Finally, at the very end I find a vacant buoy and I ask a sailboat nearby what is the procedure here with buoys. "Just grab any free one" is the answer "it will cost you about 20 Euros".

Sure, just as we have gone through the whole mooring procedure and with the tender in the water, an unpleasant local with a tourist boat comes yelling that we have taken his buoy and that we must move.  Fortunately another very pleasant local tells me to take his buoy for free, since he will not be using it.  The new buoy is of course on the other side of the harbor so that I have to go through the hoist tender, slalom course and buoy tie up procedure again.  All this makes me miss the straightforward buoy management of Croatia.  And introduces me to the dichotomy of South Italy.  Mostly very warm and generous people, interspersed with some unpleasant guys who just want to take advantage of you.  Well, after all the mafia is a south Italian invention.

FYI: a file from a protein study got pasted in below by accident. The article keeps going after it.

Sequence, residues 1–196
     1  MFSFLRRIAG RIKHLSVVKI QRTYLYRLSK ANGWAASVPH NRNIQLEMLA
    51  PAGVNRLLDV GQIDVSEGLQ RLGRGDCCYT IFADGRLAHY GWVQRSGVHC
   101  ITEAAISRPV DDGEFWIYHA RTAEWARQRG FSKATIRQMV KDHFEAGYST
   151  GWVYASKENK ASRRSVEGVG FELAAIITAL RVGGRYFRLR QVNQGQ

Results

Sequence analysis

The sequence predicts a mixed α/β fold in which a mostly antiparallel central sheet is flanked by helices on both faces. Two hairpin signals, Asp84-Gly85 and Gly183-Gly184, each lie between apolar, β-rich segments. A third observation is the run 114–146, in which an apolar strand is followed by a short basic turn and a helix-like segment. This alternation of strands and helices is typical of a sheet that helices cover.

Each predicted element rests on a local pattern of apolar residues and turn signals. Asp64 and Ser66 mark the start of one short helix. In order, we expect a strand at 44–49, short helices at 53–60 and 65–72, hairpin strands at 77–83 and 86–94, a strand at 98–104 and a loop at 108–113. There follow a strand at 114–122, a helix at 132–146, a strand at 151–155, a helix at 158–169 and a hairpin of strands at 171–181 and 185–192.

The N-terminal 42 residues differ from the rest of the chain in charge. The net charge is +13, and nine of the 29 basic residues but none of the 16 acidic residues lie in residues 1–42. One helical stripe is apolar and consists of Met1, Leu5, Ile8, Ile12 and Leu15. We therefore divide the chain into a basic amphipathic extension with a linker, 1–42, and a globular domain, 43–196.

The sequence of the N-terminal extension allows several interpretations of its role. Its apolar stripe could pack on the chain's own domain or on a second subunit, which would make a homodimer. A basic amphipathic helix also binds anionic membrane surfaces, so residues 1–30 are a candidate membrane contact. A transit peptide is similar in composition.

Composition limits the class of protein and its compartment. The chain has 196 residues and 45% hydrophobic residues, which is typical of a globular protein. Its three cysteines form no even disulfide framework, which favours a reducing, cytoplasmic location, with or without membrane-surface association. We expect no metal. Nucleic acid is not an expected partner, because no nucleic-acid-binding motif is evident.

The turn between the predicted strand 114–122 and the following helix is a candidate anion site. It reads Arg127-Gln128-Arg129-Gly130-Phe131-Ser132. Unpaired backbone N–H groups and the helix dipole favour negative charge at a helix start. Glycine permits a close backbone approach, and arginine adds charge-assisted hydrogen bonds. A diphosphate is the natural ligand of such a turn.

In the evening we walk up the steep hill towards the village and have dinner.  I don't want to make a scene, but I am really mad at Julia, Clara and Italian mamas for having had to change my cruising plans so brutally.  I am doubly mad because the cat behaved wonderfully and everything was as good as they come.  So I drink lots Italian wine to drown my sorrows.

 

Croatia and Croats

Croatia and all its islands is a beautiful cruising ground, whether you are motoring or sailing.  The country has realized that boats and boating is an important sector of their tourism industry while at the same time trying to preserve as much as they can of unspoilt nature.